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Posted by on Sep 10th, 2011 and filed under Viewpoints. You can follow any responses to this entry through the RSS 2.0. You can leave a response or trackback to this entry

Commends Weisman

[I] just want to thank Sharon Weisman for her fine piece on the Community Plan for North Glendale. Here is a copy of my thoughts sent to the Planning Commissioners:

I am writing to express my strong feelings in regard to the proposal for increased height limits on commercial structures along Foothill Boulevard in your jurisdiction. This is an area of our neighborhood that is crucial to the look and feel of this small town, semi-rural community that we all love. Recent projects here clearly illustrate the importance of maintaining the historical norm against the devastating effect for residents and visitors that an inappropriate and unwanted change will have. Successful efforts by planners and businesses to build conforming designs along this corridor include the new library at La Crescenta Avenue and the Walgreens store on Foothill Boulevard. These structures maintain the low profile architecture that maintains the attractive nature of our town. To increase height limits above the current 35-foot measure would be a serious affront to all who live in this lovely foothill community and a betrayal of the trust we place in our representatives and public servants.

PJ Hearn
La Crescenta

A Pratice Field Is Better Than No Field

As a kid growing up in Boyle Heights, there were no parks nearby so we improvised and made the city street a football field and my youngest cousin the “football.”

As a teenager in Glendale, my sister and I played tennis in the street. The city manhole was the center of our over-sized makeshift tennis court, the street curbs were out of bounds and the two nearby telephone poles were the back-court.

Recently, I visited the Adams Square Park in south Glendale and was delighted to see kids under the age of 13 playing soccer in an area no bigger than a postage stamp. Nearby on the park benches were the parents and grandparents of these youngsters … or were they just kids from the neighborhood who were looking for green space to play their favorite sport ¬ soccer ¬¬– unsupervised by city officials.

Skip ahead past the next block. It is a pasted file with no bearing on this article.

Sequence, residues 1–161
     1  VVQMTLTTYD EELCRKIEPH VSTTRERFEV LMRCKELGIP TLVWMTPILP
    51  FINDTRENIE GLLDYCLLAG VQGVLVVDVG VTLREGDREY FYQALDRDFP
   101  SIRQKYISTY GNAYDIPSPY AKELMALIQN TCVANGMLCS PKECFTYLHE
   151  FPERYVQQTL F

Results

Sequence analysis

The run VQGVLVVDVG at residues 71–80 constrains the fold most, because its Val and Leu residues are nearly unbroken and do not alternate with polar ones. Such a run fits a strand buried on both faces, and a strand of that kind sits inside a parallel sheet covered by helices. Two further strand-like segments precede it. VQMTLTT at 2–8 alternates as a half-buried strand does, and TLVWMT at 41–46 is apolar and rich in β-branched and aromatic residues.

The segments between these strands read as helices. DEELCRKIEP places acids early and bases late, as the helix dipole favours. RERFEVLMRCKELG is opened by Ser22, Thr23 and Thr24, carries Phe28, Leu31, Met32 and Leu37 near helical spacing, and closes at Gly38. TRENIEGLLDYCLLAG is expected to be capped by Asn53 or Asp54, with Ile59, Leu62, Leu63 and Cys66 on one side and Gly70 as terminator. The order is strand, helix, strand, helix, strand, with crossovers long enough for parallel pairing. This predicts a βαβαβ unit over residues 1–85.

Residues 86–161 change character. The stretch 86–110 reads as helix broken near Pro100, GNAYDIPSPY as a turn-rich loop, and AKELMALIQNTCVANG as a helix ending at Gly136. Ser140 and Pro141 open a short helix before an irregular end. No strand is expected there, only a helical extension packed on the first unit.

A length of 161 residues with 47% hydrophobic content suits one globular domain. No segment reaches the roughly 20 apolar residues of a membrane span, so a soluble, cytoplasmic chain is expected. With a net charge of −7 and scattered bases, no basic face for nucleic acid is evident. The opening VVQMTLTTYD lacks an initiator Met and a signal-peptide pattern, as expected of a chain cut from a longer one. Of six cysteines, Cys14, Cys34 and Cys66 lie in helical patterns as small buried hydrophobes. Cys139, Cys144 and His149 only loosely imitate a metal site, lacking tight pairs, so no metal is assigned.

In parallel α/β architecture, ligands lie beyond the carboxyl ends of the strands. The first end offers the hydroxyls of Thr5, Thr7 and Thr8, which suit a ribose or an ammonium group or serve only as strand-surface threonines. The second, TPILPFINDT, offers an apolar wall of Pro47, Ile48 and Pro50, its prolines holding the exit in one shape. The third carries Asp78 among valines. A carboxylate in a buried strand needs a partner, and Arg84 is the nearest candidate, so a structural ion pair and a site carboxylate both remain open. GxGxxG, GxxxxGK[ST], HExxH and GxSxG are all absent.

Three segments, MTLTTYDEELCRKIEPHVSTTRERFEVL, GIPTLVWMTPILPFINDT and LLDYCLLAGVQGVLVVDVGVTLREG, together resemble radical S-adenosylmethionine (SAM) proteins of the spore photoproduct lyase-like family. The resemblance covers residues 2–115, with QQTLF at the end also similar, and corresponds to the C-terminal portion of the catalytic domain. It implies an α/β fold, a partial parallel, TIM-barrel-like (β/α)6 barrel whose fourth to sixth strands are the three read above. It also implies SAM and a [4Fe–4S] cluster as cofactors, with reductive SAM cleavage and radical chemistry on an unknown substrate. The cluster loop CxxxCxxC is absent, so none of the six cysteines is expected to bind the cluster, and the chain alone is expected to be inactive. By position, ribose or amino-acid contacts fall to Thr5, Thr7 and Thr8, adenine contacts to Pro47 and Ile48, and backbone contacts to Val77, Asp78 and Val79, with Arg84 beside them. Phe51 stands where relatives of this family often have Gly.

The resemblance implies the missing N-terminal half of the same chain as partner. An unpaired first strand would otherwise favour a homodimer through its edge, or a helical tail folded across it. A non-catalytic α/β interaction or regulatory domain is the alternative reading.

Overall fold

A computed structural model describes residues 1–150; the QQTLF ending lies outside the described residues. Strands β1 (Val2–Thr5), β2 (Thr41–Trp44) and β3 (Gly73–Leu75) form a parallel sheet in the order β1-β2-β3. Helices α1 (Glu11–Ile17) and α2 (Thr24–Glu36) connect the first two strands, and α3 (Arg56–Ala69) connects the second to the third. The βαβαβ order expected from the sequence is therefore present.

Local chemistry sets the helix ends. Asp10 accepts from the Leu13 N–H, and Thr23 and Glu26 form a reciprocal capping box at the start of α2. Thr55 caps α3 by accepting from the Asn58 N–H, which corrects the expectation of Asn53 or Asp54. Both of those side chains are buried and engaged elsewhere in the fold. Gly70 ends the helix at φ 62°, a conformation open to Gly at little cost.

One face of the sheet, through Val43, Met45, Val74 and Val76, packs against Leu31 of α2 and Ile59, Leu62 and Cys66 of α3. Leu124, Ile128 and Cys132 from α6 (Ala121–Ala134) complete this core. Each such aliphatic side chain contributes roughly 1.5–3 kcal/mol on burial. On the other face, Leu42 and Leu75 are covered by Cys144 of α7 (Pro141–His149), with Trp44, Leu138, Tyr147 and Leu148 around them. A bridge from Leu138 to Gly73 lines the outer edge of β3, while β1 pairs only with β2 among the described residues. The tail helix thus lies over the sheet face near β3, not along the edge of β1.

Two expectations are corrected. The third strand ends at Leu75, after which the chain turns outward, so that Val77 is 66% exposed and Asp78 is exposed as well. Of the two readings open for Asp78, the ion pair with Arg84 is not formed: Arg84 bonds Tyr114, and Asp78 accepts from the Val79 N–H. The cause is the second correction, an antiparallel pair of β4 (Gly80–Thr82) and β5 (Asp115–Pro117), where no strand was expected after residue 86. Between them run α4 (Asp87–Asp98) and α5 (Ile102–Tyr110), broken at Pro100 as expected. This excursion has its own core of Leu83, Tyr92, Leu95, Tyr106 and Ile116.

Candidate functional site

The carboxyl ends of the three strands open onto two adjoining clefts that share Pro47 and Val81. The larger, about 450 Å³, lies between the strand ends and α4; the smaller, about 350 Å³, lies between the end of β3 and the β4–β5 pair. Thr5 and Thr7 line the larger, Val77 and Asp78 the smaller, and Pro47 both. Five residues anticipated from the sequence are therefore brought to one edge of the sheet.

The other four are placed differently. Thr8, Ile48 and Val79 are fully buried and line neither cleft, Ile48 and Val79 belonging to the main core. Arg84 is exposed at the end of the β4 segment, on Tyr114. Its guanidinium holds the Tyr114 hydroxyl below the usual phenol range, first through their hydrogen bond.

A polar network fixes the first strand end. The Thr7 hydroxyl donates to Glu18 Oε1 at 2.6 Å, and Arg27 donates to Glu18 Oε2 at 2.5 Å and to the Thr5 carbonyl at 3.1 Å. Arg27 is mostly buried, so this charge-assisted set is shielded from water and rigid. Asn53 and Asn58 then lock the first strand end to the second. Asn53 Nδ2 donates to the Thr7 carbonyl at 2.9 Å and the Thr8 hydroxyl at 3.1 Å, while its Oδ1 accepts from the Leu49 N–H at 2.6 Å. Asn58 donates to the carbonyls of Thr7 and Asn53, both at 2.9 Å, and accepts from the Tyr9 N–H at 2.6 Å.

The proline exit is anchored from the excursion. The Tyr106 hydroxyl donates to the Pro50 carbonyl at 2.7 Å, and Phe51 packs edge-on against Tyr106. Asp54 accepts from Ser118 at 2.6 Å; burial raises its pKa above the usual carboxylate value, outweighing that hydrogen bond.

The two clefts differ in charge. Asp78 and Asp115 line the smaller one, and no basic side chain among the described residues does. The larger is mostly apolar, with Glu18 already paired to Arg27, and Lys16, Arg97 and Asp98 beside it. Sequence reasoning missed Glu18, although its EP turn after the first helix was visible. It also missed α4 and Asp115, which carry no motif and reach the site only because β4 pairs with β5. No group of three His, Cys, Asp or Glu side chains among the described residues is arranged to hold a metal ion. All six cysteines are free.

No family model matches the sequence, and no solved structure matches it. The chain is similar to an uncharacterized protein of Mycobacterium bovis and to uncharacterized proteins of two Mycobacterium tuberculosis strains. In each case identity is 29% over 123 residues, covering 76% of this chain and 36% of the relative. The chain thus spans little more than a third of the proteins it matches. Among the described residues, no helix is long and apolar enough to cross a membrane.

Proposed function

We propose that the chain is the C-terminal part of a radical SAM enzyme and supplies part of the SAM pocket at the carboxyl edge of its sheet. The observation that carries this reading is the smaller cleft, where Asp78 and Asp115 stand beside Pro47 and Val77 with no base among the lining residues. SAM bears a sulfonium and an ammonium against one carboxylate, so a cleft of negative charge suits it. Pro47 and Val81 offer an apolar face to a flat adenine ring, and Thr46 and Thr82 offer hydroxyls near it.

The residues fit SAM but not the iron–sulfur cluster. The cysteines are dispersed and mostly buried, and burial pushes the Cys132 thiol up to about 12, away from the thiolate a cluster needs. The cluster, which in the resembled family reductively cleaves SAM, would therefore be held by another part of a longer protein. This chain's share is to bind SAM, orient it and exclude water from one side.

I became nostalgic recalling the years as a kid growing up when we had no “regulated” football fields or tennis courts. What we had was imagination ¬– something that the city Parks, Recreation & Community Services Commission (PR&CSC) is sadly lacking today.

[It was reported that] City PR&CSC stated the fields would not be regulation size based upon a survey they took from the city sports teams and, of course, there was always the money issue. But what the officials didn’t do is ask the kids if playing soccer on non-regulated size fields really matters as long as there was a large area of grass. The kids would make up their own rules and regulations as we did growing up.

Why not call the new playing fields “practice fields” or “pony league fields” rather than “regulation size fields?” I am sure the kids from Adams Square and throughout south Glendale would be content with a “half a loaf” rather than no loaf at all.

Once the new “practice fields” are in place, just watch the parents and grandparents walking over from the Adult Recreation Center getting involved with the kids playing soccer. They might in time help organize some teams rather than spending their time watching TV, playing cards, dominos, backgammon, etc. and becoming more involved with the younger generation.

Mike Mohill

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